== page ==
El Nino, a weather phenomenon which causes drought is affecting the whole of Southern Africa. According to reports, South Africa, the continent’s largest maize producer has not received enough rains, the same as Zambia.
In Zimbabwe, there are some regions that have also not received rains with the Met Department indicating that the erratic rainfall will continue until end of March.
Areas where crops were planted are already suffering severe moisture stress and no follow-up rains are expected.
And in areas yet to receive the rains, no planting has taken place.
Although there is no formal agricultural assessment report from the responsible authorities yet, it has become clear this is likely to be one of the worst years with respect to agricultural output in 15 years.
The most unfortunate thing is that the country did not have a good harvest season last season. This means the country will have to rely on imports until the harvest of next year.
Despite grain shortages, there is also a possibility of food price increases, particularly maize meal. For instance, reports that prices of maize have increased after Zambia stopped exports show how the drought will trigger price increases.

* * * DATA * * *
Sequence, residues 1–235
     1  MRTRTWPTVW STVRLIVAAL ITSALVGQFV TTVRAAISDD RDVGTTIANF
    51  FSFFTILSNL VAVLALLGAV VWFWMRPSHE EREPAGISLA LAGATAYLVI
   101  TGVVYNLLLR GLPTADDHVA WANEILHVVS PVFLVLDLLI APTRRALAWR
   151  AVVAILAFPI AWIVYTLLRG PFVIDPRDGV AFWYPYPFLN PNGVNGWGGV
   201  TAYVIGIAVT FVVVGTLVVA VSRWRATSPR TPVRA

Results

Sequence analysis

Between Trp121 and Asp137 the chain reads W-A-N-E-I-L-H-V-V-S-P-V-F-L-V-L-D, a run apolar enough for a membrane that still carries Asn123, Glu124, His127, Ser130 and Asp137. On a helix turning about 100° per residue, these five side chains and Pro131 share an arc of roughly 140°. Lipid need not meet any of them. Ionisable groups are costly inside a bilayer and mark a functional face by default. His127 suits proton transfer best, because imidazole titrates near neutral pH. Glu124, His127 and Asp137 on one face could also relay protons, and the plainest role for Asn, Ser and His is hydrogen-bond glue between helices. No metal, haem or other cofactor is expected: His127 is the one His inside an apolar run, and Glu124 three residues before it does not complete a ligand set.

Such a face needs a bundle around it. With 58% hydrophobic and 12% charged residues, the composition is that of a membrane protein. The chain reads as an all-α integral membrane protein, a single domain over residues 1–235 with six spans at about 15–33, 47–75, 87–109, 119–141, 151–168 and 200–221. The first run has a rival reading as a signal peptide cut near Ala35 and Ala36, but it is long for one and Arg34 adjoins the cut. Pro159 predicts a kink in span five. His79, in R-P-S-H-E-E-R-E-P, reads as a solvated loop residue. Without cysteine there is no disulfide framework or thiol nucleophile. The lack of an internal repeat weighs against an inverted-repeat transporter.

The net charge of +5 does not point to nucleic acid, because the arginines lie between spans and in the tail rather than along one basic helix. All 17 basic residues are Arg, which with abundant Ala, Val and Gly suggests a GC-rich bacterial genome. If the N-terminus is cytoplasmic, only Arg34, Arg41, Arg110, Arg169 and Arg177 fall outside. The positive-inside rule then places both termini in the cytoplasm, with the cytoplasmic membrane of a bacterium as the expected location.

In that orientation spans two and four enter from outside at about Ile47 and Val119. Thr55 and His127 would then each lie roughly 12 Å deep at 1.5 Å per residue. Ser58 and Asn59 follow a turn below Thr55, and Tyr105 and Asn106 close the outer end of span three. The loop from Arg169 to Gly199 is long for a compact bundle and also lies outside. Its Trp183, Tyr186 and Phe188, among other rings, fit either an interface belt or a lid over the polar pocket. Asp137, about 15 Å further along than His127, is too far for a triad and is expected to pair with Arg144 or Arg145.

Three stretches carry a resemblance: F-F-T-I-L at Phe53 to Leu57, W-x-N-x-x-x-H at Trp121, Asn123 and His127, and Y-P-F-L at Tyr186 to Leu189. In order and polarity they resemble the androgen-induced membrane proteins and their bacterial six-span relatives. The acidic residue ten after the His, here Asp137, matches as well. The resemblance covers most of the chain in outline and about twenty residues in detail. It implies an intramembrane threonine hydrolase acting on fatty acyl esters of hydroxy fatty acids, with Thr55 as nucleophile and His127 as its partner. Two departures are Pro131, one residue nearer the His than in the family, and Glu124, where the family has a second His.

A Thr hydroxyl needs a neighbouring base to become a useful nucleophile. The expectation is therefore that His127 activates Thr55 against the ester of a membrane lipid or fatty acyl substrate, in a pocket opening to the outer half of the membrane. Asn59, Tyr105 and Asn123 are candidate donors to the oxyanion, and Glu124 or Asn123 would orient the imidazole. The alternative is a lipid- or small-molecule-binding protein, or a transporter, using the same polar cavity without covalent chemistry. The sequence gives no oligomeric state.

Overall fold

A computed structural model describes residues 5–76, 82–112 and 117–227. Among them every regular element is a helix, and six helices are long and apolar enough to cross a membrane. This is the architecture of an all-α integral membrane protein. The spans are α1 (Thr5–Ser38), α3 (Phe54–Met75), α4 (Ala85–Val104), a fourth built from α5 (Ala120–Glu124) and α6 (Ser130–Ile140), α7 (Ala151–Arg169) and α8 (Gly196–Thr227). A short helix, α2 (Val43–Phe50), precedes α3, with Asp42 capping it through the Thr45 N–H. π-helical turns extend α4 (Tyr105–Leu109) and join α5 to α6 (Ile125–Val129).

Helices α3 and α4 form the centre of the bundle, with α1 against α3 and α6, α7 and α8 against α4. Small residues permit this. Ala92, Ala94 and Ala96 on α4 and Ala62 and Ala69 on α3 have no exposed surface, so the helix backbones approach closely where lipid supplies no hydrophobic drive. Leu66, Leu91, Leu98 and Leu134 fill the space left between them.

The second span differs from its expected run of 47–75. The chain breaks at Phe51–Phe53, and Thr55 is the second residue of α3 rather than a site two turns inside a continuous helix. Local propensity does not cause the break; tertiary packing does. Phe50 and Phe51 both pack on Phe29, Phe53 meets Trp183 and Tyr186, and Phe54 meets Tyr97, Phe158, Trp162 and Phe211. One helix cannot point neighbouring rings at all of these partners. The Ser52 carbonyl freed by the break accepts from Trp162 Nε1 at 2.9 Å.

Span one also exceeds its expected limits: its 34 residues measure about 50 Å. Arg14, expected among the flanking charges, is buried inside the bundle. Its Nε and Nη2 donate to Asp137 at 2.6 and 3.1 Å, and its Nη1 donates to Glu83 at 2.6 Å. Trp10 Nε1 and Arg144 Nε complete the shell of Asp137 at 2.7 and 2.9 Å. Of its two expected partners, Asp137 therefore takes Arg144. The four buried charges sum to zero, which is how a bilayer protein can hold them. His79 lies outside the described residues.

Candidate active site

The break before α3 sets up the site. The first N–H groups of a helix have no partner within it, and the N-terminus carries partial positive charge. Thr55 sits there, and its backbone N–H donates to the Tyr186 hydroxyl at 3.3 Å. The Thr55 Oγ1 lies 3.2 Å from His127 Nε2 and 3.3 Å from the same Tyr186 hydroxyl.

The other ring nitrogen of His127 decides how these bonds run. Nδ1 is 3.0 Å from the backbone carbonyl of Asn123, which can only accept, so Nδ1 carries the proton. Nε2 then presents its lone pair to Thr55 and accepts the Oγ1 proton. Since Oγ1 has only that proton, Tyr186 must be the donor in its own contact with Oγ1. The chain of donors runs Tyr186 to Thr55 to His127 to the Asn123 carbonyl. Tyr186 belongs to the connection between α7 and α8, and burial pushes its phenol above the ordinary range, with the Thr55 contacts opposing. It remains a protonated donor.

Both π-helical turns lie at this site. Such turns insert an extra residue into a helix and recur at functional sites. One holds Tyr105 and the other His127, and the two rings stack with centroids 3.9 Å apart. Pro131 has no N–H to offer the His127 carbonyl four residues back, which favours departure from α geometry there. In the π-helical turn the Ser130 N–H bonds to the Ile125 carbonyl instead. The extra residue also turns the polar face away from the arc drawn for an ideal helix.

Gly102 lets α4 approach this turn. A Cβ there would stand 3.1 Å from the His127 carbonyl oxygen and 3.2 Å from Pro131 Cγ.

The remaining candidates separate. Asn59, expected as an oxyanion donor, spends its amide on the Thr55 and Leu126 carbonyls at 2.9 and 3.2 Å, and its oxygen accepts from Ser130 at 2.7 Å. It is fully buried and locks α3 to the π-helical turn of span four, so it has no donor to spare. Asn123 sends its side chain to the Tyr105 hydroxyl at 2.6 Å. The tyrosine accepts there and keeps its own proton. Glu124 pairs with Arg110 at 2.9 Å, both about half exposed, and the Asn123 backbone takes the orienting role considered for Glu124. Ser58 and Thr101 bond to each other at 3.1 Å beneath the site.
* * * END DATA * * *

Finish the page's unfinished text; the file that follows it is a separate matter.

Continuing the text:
Zambia, which recorded a surplus in the last season, was exporting maize through the Food Reserve Agency, but suspended exports as it sought to verify the country’s food security. During the past three weeks, the landed price of maize rose by about 17 percent to $315 per tonne, according to the Grain Millers Association.
South American countries such as Brazil and Argentina who will have surpluses are faced with a large market.
This is an oligopolistic structure of maize suppliers, which undoubtedly will go into cartels to raise the price of maize. The same may also happen on the local market. Those with little maize will sell at a high price.
From the pricing point of view, it is clear maize prices and related products, which use maize as a raw material such as stockfeeds and other cereals will go up.
While the Government might do little on price controls from source destination, it is our hope that proper mechanisms are put in place to minimise unjustifiable grain prices by importers.
As the local grain dealers seek permits to import maize from South America, the Government should come up with a framework to minimise cases of rampant profiteering.
We do not want a situation whereby the dealers are given permits to import and then go on to take advantage of the situation to charge exorbitant prices.
It should be noted that the increase in maize prices, depending on the magnitude, may cause price increases in livestock, poultry, maize meal, beer and other corn related products.